USB HID device dumping utility
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Usbhid-dump is a USB HID dumping utility based on libusb 1.0. It dumps USB HID device report descriptors and reports themselves as they are being sent, for all or specific device interfaces.


Run ./configure && make to build and make install to install. If building from a Git tree, run ./bootstrap first. Usbhid-dump can also be run directly from the source directory as src/usbhid-dump, without installation.


Here is the output of usbhid-dump --help:

$ usbhid-dump --help
Usage: usbhid-dump [OPTION]...
Dump USB device HID report descriptor(s) and/or stream(s).

  -h, --help                       output this help message and exit
  -v, --version                    output version information and exit

  -s, -a, --address=bus[:dev]      limit interfaces by bus number
                                   (1-255) and device address (1-255),
                                   decimal; zeroes match any
  -d, -m, --model=vid[:pid]        limit interfaces by vendor and
                                   product IDs (0001-ffff), hexadecimal;
                                   zeroes match any
  -i, --interface=NUMBER           limit interfaces by number (0-254),
                                   decimal; 255 matches any

  -e, --entity=STRING              what to dump: either "descriptor",
                                   "stream" or "all"; value can be

  -t, --stream-timeout=NUMBER      stream interrupt transfer timeout, ms;
                                   zero means infinity
  -p, --stream-paused              start with the stream dump output
  -f, --stream-feedback            enable stream dumping feedback: for
                                   every transfer dumped a dot is
                                   printed to stderr

Default options: --stream-timeout=60000 --entity=descriptor

  USR1/USR2                        pause/resume the stream dump output

Warning: please be careful running usbhid-dump as a superuser without limiting your device selection with options. Usbhid-dump will try to dump every device possible and If you're using a USB keyboard to control your terminal, it will be detached and you will be unable to terminate usbhid-dump and regain control.

If that happens just don't touch your keyboard for the duration of the interrupt transfer timeout (1 minute by default) and the dumping will be aborted.

Here is an example of a report descriptor and stream dump from a mouse:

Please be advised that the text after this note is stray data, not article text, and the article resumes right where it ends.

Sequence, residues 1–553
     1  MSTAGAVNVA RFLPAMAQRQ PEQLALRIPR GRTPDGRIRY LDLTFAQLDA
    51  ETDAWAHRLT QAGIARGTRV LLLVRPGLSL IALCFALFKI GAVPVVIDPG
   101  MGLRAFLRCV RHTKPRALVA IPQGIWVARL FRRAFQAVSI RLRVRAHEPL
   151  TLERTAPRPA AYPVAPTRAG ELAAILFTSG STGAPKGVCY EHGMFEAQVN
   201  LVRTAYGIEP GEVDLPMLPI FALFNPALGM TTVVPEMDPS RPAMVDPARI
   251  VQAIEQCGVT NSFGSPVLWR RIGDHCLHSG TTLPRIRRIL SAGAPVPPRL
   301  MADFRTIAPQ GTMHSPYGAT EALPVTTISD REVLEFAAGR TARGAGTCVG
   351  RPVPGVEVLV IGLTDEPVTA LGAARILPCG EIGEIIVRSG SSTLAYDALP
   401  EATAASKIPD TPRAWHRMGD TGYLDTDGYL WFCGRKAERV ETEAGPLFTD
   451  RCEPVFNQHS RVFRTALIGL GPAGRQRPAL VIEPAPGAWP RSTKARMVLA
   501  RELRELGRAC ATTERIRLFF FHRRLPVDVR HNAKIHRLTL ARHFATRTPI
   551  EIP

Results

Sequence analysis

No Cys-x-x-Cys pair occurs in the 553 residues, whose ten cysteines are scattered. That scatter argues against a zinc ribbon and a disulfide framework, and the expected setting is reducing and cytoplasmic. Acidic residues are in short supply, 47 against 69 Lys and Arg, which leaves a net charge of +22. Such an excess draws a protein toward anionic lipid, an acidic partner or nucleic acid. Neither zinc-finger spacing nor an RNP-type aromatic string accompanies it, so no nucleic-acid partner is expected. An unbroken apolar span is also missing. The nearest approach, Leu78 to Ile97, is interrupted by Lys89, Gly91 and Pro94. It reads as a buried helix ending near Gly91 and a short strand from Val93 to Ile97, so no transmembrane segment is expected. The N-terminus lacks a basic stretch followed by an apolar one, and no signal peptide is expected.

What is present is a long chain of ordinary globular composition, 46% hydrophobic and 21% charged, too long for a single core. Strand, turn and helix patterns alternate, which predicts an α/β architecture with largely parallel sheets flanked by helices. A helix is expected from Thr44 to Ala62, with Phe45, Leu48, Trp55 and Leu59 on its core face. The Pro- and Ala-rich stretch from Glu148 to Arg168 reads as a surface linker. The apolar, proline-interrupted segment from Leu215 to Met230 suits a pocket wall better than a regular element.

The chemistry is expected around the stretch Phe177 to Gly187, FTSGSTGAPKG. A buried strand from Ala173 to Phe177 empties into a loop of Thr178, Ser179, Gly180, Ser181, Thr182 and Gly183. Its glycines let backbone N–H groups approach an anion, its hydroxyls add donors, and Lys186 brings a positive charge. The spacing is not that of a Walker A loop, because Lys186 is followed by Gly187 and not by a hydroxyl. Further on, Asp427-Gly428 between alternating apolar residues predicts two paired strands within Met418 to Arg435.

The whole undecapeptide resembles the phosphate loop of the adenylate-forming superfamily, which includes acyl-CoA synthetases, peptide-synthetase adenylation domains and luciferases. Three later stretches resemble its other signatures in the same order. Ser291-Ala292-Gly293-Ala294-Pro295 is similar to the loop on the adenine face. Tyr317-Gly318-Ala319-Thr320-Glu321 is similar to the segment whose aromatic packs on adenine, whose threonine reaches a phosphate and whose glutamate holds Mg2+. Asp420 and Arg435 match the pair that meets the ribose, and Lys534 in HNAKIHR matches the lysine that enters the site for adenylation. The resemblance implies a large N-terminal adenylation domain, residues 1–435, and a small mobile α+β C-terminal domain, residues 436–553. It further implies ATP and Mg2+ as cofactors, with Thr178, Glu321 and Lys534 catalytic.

$ sudo usbhid-dump --entity=all --address=2:3
002:003:000:DESCRIPTOR         1290272184.081322
 05 01 09 02 A1 01 09 01 A1 00 05 09 19 01 29 03
 15 00 25 01 75 01 95 03 81 02 75 05 95 01 81 01
 05 01 09 30 09 31 09 38 15 81 25 7F 75 08 95 03
 81 06 C0 C0

Starting dumping interrupt transfer stream
with 1 minute timeout.

002:003:000:STREAM             1290272185.210022
 00 FF 00 00

002:003:000:STREAM             1290272185.217988
 00 FE 00 00

002:003:000:STREAM             1290272185.225985
 00 FC 01 00

002:003:000:STREAM             1290272185.233995
 00 FE 01 00

002:003:000:STREAM             1290272185.241992
 00 FF 01 00

002:003:000:STREAM             1290272185.249995
 00 FE 02 00

002:003:000:STREAM             1290272185.257993
 00 FF 01 00


In the output above "002" is the bus number, "003" is the device address and "000" is the interface number. "DESCRIPTOR" indicates descriptor chunk and "STREAM" - stream chunk. The number to the right is the timestamp in seconds since epoch. The hexadecimal numbers below is the chunk dump itself. Usually every stream chunk includes a whole report, but if the report is bigger than endpoint's wMaxPacketSize, it will span several chunks.

You can use usbhid-dump along with hidrd-convert to dump report descriptors in human-readable format. Like this:

$ sudo usbhid-dump -a2:3 -i0 | grep -v : | xxd -r -p | hidrd-convert -o spec
Usage Page (Desktop),               ; Generic desktop controls (01h)
Usage (Mouse),                      ; Mouse (02h, application collection)
Collection (Application),
    Usage (Pointer),                ; Pointer (01h, physical collection)
    Collection (Physical),
        Usage Page (Button),        ; Button (09h)
        Usage Minimum (01h),
        Usage Maximum (03h),
        Logical Minimum (0),
        Logical Maximum (1),
        Report Size (1),
        Report Count (3),
        Input (Variable),
        Report Size (5),
        Report Count (1),
        Input (Constant),
        Usage Page (Desktop),       ; Generic desktop controls (01h)
        Usage (X),                  ; X (30h, dynamic value)
        Usage (Y),                  ; Y (31h, dynamic value)
        Usage (Wheel),              ; Wheel (38h, dynamic value)
        Logical Minimum (-127),
        Logical Maximum (127),
        Report Size (8),
        Report Count (3),
        Input (Variable, Relative),
    End Collection,
End Collection